I visited the opening of Fiberart International 2016 and the all-day Fiberart Forum in Pittsburgh. The Forum is an all day, intensive walk through of the show, with artists speaking about their pieces, anchored by a key note speaker.
This is an exhibition of contemporary fiber art, shown both at the Pittsburgh Center for the Arts and the Society for Contemporary Craft, from May 6 – August 21, 2016.
Full disclosure: this tri-annual show was the single most important inspiration for me to become a fiber artist. I visited the show in 2004 and 2007 in wordless wonder. I longed to be able to create like these artists did, but this dream seemed far out of reach compared to the reality of my life at the time.
Then, after a moment of profound enlightenment, I changed my life and began a now 10-year quest to become a fiber artist.
By 2009 that road had taken me to membership in the Fiberarts Guild of Pittsburgh, the wonderful organization that organizes this show every three years. So returning to “the Burgh” meant reuniting with my dear friends in the FGP as well.
The keynote speaker this year was juror Tali Weinberg, Executive Director of the Textile Society of America, and her topic was “Engaging Injustice Through Textiles.” She caught my attention by making the observation that textiles are interwoven with the history of injustice. Think: enslaved labor picking cotton. Think: labor exploitation in textile plants. Consider Ghandi’s movement to create hand woven products in India to counter British dumping of cheap manufactured cotton goods.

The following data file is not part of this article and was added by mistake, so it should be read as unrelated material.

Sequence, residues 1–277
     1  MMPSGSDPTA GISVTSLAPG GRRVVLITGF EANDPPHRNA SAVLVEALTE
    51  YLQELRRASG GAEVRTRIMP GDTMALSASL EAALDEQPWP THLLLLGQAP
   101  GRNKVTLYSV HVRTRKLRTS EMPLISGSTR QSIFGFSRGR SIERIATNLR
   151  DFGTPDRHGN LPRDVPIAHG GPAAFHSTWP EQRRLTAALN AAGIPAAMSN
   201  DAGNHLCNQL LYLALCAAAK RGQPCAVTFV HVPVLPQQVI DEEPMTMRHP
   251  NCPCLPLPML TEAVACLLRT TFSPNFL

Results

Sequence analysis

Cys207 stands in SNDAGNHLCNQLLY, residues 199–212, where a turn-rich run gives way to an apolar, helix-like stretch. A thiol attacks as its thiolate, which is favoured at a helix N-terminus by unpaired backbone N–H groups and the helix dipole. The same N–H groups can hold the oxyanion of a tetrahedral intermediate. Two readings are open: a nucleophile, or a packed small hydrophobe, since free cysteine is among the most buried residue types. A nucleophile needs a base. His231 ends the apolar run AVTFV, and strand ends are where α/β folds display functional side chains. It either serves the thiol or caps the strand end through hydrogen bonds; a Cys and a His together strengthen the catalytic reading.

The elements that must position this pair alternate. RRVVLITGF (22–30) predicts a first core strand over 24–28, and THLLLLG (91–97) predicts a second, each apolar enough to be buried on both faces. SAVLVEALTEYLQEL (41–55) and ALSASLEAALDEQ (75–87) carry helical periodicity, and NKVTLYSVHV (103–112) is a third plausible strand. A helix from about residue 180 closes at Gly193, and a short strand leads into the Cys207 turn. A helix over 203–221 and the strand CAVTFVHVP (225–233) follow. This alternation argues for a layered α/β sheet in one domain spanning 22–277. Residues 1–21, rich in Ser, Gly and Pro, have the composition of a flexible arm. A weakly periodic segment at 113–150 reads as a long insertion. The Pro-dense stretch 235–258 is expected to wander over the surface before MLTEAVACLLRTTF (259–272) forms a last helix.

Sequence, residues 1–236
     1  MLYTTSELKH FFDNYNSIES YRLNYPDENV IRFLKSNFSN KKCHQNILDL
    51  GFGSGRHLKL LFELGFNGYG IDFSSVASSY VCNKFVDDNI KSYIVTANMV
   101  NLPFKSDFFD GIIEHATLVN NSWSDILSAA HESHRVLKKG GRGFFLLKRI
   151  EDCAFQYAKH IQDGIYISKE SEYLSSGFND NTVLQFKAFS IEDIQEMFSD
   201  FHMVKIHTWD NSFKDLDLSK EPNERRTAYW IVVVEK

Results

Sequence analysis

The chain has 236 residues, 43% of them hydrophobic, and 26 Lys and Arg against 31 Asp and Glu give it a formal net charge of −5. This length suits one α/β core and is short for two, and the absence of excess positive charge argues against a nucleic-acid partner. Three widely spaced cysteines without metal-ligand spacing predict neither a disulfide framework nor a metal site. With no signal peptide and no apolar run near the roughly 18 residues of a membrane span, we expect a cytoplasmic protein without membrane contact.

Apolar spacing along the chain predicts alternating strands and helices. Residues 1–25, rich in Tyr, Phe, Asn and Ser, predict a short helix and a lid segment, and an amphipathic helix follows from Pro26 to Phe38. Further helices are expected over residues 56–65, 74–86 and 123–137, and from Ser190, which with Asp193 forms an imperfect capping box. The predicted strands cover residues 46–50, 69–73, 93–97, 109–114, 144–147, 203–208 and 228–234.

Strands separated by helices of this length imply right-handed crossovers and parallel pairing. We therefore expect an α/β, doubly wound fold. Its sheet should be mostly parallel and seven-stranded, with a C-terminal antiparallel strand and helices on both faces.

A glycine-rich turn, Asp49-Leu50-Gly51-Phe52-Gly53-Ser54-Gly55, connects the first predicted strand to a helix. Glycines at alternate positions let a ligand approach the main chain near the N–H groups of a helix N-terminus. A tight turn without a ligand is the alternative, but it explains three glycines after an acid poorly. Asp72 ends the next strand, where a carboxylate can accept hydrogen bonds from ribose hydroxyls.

Her words echoed in my mind viewing the Best in Show: “THIS Revolution Will Not Be Televised: #13 Protest Series,” by Penny Mateer in collaboration with Martha Wasik. It is a giant (94” x 77”) quilt of the images of 80 unarmed persons of color who have been shot by the police since 1999. The border lists their names, ages, where they were from, and the date of their deaths.
Some other pieces that particularly intrigued me were “Snellandschap Luchtweg (Fast Landscape Airway) by Pauline MM Nijenhuis from the Netherlands. It is a canvas painted then hand stitched, and a statement on time – the fast and slow of it.
Susan Kathleen Doyle’s “Columbia” is a two-piece dress made from an encyclopedia her husband discarded. The muted colors and workmanship mesmerized me, plus I’ve a special interest in the use of old paper.
Margery Amdur’s “Amass #6” transforms cut cosmetic sponges with ink, gouache, pastel pigment into a lush landscape that you want to visually dive into and not leave.
“Mending, Roe v Wade,” is a small but powerful piece by Lori Zimmerman that gives visual, visceral representation to the erosion of the 1973 Supreme Court decision that made abortion legal.
Patricia Kennedy-Zafred has now made five “Tagged” pieces. Each one, for me, has had special, personal meaning (my childhood best friend’s father was one of the 120,000 persons of Japanese heritage forced into internment camps under FDR’s Executive Order 9066). This one, Patty says, is the best. She has learned more about the people pictured, and been able to add more information to the tags.
Finally, Emily Jan of Canada delighted me with her flying wolf adorned with peacock feathers. “Ragnarök” refers to the Norse Twilight of the Gods. A mysterious and beautiful world indeed.